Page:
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I am new to programming in general and I find myself depending too much on conditional statements. I find them similar to my train of thought when coding which makes them easy to implement.

Below I have a small code snippet in Verilog which controls a digital clock display. The entire code is pretty much laid out in this way. The code works and is pretty readable. However, I find it to be inelegant. Is it possible to simplify the code while at the same time improving readability?

    if (cnt >= clkspeed) begin
        cnt = 0;
        out0 <= out0 + 4'h1;

        // LED0 > 9 -> LED1 += 1
        if (out0 == 4'h9) begin
            out0 <= 4'h0;
            out1 <= out1 + 4'h1;

            // LED1 > 5 -> LED2 += 1
            if (out1 == 4'h5) begin
                out1 <= 4'h0;
                out2 <= out2 + 4'h1;

                // LED2 > 9 -> LED3 += 1
                if (out2 == 4'h9) begin
                    out2 <= 4'h0;
                    out3 <= out3 + 4'h1;

                    // LED3 > 5 -> LED3 = 0
                    if (out3 == 4'h5) begin
                        out3 <= 4'h0;
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you can look at stackoverflow.com/questions/3666030/… –  Estefany Velez Nov 10 '12 at 14:05
This code looks fine to me. –  user597225 Nov 10 '12 at 16:18

1 Answer 1

up vote 1 down vote accepted

Your problem here is that you perform the same operation four times, as you store your data in scalar variables. The solution for this case would be to store the numbers in an array, and loop through them. The pseudocode of this is something like:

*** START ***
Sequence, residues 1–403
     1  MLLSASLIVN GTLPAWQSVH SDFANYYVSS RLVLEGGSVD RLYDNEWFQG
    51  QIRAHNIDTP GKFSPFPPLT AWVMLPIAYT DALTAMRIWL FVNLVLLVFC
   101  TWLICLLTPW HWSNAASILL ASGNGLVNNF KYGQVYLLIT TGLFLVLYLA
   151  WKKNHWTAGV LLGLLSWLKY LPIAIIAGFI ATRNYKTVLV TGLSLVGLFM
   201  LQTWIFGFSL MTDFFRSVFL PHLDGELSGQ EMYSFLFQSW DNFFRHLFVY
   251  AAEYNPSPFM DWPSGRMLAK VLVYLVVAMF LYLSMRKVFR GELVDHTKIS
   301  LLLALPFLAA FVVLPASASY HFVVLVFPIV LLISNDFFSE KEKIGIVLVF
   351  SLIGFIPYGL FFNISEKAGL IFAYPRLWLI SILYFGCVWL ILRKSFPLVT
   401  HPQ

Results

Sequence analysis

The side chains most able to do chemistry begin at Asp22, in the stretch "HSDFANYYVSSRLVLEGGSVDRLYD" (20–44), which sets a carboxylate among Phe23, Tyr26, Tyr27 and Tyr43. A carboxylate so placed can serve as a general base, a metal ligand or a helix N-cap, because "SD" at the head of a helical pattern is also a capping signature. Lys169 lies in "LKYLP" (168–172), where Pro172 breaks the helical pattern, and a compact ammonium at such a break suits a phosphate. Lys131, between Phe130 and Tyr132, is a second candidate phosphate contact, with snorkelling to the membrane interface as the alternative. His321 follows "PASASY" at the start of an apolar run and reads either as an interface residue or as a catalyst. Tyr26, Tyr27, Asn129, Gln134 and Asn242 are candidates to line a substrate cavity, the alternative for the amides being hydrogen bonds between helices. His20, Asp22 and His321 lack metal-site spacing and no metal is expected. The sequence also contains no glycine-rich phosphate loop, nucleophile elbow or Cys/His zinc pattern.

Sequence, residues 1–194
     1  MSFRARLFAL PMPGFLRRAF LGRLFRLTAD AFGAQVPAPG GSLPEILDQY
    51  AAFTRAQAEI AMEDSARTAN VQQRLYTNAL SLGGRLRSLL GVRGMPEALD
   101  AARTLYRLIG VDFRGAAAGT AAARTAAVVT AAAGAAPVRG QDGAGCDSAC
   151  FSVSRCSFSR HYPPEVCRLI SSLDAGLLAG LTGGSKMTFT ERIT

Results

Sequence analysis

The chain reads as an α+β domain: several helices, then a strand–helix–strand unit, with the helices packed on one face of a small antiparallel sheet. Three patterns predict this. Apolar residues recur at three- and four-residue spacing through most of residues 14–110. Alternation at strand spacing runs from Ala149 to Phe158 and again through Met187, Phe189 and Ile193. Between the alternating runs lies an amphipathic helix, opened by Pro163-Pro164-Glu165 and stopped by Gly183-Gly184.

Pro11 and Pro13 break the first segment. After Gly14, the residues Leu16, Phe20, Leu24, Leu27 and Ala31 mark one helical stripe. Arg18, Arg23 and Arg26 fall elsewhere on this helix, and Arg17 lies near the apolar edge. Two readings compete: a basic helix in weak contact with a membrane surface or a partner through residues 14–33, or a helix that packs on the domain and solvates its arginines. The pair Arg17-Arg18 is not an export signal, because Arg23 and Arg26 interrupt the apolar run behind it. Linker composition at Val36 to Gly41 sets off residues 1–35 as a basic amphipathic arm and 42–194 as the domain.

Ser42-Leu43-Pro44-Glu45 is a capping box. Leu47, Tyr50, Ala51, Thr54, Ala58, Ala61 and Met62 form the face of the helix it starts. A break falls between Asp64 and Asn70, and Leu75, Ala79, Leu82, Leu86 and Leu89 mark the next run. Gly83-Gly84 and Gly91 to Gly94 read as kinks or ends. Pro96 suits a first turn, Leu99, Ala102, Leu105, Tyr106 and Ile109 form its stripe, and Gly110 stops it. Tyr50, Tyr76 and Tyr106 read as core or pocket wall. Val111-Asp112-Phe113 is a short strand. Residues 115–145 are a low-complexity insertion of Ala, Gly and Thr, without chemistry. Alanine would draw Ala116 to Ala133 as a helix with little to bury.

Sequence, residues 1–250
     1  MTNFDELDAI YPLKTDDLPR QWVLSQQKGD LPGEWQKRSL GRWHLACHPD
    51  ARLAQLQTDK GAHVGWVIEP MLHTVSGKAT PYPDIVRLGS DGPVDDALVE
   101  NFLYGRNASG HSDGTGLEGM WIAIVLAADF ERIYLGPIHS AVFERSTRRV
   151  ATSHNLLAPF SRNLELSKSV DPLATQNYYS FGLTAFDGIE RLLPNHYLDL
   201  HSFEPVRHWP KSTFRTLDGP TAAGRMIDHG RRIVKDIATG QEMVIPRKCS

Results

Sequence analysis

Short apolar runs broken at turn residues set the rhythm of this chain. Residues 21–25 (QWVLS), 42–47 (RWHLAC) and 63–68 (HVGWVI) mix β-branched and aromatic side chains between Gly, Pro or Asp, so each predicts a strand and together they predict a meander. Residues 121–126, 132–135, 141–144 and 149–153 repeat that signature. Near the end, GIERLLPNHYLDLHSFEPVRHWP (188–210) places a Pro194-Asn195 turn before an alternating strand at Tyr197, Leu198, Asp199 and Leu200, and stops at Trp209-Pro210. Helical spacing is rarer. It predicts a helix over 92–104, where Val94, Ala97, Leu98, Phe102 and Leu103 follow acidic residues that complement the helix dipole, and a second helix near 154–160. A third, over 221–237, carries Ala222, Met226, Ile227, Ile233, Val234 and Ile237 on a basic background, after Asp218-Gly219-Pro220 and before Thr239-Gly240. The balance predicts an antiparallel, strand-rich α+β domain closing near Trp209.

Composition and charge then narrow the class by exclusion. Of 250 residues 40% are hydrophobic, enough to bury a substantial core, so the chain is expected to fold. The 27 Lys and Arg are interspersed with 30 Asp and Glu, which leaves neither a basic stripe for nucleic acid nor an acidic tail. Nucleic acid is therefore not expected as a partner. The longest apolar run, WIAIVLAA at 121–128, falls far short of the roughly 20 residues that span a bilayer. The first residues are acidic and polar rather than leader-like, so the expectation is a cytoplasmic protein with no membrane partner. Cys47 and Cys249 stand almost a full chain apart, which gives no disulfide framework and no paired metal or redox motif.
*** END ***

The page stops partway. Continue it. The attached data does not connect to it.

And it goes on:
array<int> digits;
int position = digits.length();
while (position >= 0) {
    digits[position] = (digits[position] + 1) % 10;
    if (digits[position]>0) break; // if there is no carry, just break

This code assumes that every digit counts up to 9. So you still have to add the logic for handling LED1 and LED3... (Through using another array, or if you have OOP creating a LED object which can store the actual number and the limit for the led...)

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So you can replace repetition with a loop. If the nesting is what annoys you, i'd advise to invert the conditions in the ifs and perform an early return. (Unless you should do SESE) –  Vajk Hermecz Nov 10 '12 at 15:15
I'm not sure Verilog is capable of creating output port arrays. –  geft Nov 10 '12 at 15:39
Yep, I just realized that it is a quite low level thingie, so if you cannot have arrays, your best approach is removing nesting by early returns. I don't really see any other solution... –  Vajk Hermecz Nov 10 '12 at 15:49
All verilog loops are unrolled at compilation time, as it is a hardware description language. I am not aware of then having the possibility to break or return early. –  Morgan Nov 11 '12 at 8:50

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